The Honest Ulsterman is a great mag, with loads of great interviews and poetry - the first issue had an interview with Eimear McBride, and fiction by Benjamin Myers. It's really exciting to have my work appear alongside that sort of thing.

You can read The Honest Ulsterman online here.

Currently reading

Tree of Smoke Denis Johnson

Monday, 26 May 2014

Why shouldn't we privatise child protection services?

In the news this week, quietly shuffled out behind the much larger and louder European Elections, were Michael Gove's plans to privatise child protection services. 

There's a lot of hatred for rubber-faced, self-satisfied despot Gove in the literary world right now, mainly around his fuckwitted decision to take To Kill A Mockingbird out of the GCSE English curriculum. But this blog is not about that, infuriating though it be. This is about child protection. 

Child Protection services - services which are meant to protect and remove children from situations of abuse and neglect - are currently provided by statutory social services departments, under the auspices of the local authority. Most are stretched and understaffed. But they are still a statutory service, paid for by your council taxes, and your and my income tax. There's no profit involved. 

Child protection is extremely specialised work. No child walks around with a sign around their neck, which reads, "I am being neglected by my parents", or "I am being abused." The protection of vulnerable children relies on the co-operation of all sorts of agencies who might come into contact with a child - the school, health professionals like nurses and doctors, even the assistants who run after school clubs. 

Following the death of Victoria Climbie in 2000, a child who died despite being seen numerous times by doctors, there was an enquiry to find out what had gone wrong. There were several findings from the Lord Laming enquiry. 

One was that, even though Victoria had been seen by lots of different doctors, and lots of different social workers, nobody was holding 'all the pieces of the jigsaw'. Though lots of people had concerns that Victoria was being maltreated or neglected, there was no single named person (for example, a social worker) who knew about all of these concerns, and could patch them all together into a comprehensive picture of neglect and abuse. One finding of the Lord Laming review was to compel all agencies working with children to stay in better contact, to help protect vulnerable children like Victoria in the future. 

Since those days, child protection has improved. Yes, other children have died since; the case of Baby P, in 2007, highlighted the lengths that some abusers will go to to mislead the investigating services. In Baby P's case, the mother was able to hoodwink social services into thinking that she was engaging with them in order to improve her parenting skills. 

So, you can see from this how specialised child protection work is. It's not easy for social workers to tell whether a parent genuinely engaging with them, nor is it easy for social workers to piece together all the parts of a 'neglect jigsaw' to see when a child is being mistreated by its parents. This kind of work takes a lot of expertise and, most crucially, support and supervision.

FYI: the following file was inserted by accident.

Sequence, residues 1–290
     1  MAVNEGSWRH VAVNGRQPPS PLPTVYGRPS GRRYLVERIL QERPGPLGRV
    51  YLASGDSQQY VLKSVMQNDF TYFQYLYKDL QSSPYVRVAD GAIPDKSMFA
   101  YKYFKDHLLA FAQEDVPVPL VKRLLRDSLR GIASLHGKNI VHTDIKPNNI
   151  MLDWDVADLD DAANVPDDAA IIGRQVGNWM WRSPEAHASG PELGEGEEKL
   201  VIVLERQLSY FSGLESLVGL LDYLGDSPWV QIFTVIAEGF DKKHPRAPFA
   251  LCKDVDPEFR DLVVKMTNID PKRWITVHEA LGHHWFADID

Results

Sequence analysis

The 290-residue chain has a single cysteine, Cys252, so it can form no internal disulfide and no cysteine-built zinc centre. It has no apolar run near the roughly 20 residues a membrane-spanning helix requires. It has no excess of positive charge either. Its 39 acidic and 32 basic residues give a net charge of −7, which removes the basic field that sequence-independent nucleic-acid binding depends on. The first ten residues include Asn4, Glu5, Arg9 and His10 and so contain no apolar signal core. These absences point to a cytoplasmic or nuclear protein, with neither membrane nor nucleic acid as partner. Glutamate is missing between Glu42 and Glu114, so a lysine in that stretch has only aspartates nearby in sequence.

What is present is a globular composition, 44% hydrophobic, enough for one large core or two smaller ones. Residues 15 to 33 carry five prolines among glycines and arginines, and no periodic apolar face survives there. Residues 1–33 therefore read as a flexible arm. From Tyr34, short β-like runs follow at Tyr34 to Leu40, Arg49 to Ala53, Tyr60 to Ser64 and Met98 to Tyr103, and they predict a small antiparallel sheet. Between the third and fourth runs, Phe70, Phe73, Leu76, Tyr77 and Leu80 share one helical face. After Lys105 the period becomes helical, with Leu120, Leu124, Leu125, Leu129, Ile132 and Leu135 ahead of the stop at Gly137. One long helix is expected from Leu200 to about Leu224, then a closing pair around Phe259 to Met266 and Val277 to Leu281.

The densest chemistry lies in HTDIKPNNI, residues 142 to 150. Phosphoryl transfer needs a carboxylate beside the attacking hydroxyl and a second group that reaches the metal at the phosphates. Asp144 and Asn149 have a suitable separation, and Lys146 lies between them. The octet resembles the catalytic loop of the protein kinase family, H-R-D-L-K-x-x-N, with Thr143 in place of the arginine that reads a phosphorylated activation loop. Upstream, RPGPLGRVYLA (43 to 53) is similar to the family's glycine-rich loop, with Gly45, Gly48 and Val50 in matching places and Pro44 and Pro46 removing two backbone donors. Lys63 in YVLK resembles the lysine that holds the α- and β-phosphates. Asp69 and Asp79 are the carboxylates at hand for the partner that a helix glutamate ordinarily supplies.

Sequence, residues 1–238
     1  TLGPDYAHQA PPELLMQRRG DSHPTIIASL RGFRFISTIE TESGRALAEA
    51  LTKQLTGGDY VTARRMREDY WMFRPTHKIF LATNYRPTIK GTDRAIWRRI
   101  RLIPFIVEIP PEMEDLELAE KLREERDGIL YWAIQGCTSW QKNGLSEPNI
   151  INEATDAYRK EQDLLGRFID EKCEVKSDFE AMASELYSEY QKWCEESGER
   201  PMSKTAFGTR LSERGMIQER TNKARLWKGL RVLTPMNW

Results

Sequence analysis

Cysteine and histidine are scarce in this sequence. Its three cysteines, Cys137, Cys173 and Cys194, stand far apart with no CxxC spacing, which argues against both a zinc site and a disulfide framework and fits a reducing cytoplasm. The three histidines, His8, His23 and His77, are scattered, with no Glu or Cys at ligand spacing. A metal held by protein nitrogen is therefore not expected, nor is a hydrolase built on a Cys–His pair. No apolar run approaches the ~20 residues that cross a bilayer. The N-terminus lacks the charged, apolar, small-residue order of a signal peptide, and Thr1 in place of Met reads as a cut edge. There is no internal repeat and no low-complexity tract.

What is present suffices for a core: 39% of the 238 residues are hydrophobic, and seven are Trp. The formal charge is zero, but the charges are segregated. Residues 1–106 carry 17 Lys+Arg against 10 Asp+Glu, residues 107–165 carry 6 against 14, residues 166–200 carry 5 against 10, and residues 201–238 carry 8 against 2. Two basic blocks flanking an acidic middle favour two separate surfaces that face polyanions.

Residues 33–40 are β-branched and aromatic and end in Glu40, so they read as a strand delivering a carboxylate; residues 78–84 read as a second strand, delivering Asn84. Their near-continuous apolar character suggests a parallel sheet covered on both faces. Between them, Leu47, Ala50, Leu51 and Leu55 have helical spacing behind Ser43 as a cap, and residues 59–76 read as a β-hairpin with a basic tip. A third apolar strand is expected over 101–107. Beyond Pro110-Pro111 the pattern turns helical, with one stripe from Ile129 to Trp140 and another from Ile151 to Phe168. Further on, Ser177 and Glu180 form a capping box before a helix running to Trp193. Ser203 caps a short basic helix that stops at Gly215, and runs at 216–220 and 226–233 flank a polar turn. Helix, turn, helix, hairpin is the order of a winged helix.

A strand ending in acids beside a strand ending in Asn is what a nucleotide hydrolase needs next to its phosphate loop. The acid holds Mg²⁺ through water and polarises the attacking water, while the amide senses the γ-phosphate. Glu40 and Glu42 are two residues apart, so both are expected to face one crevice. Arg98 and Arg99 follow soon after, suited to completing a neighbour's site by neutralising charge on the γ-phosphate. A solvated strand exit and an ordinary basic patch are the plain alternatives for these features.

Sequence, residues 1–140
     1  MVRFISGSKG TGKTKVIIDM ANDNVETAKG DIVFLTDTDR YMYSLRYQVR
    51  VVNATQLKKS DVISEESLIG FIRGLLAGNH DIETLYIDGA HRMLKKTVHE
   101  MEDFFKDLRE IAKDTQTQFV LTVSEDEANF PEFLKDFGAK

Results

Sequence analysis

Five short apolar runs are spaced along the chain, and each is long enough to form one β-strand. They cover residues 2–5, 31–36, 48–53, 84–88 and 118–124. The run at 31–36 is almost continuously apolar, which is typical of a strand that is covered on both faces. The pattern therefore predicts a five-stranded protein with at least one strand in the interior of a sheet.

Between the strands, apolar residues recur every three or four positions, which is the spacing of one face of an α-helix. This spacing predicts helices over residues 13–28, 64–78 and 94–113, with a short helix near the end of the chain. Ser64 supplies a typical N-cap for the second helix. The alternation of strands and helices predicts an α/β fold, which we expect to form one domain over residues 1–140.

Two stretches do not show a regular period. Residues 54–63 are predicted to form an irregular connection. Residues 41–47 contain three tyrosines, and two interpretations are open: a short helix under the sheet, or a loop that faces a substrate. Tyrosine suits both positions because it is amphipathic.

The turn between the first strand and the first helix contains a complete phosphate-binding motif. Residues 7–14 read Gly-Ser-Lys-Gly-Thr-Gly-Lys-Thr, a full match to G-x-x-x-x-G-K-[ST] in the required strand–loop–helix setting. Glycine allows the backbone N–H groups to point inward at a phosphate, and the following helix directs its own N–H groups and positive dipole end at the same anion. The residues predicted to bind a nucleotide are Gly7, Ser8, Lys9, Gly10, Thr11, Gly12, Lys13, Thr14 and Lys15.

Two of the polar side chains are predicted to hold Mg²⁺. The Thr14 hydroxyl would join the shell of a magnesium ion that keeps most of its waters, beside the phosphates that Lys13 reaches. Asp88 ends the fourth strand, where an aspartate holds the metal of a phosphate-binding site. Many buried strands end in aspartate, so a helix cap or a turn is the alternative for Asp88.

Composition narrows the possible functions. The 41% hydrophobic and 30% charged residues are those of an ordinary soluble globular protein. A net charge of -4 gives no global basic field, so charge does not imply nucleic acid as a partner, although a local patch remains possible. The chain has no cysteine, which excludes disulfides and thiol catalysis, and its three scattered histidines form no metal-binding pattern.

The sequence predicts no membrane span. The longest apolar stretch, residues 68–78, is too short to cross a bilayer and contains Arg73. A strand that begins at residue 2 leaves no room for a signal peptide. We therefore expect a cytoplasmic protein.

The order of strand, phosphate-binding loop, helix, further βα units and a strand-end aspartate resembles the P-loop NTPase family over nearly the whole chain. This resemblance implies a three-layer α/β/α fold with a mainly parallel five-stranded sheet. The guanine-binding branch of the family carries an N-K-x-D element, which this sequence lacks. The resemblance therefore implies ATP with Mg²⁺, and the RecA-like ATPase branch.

Now I'm not an expert in tendering procedures, so I don't really know how this stuff works. But I'm imagining that when child protection services are put out to tender, for bidding by private companies, the 'winner' of the tender will be the company that says it can provide child protection services the cheapest. 

How will they provide these services cheaper than the local authority can? Hazarding a few guesses here:

  • By cutting managers' salaries ("You get what you pay for", as the saying goes; cut managers' salaries, and you'll attract less experienced managers, perhaps managers who don't know anything about children's services or child protection)
  • By cutting staff costs (by lowering pay)
  • By increasing social workers' caseloads; (and higher caseloads means that social workers won't be able to do their jobs properly; they won't be able to do preventive work with the most complex cases, mistakes will be made; phone calls to schools & doctors' surgeries not returned; social workers might not have time to look for the best possible placements for looked after children)
And let's remember that some of the global privatising companies do not have good records when it comes to organisation of large-scale events, or of protection of the vulnerable:

In 2011, the army had to step in to take control of Olympic security when it was revealed that G4S, the company who had run the tender, had 'underestimated the scale of the event'


Earlier on this year abuse cases came to light from an immigration centre run by the company SERCO, who apparently went to great lengths to cover the abuse up, rather than making it stop

These are the kinds of companies likely to be bidding for tender to look after the most vulnerable children in our society. Please take a moment to sign this petition to help put a halt to the plans: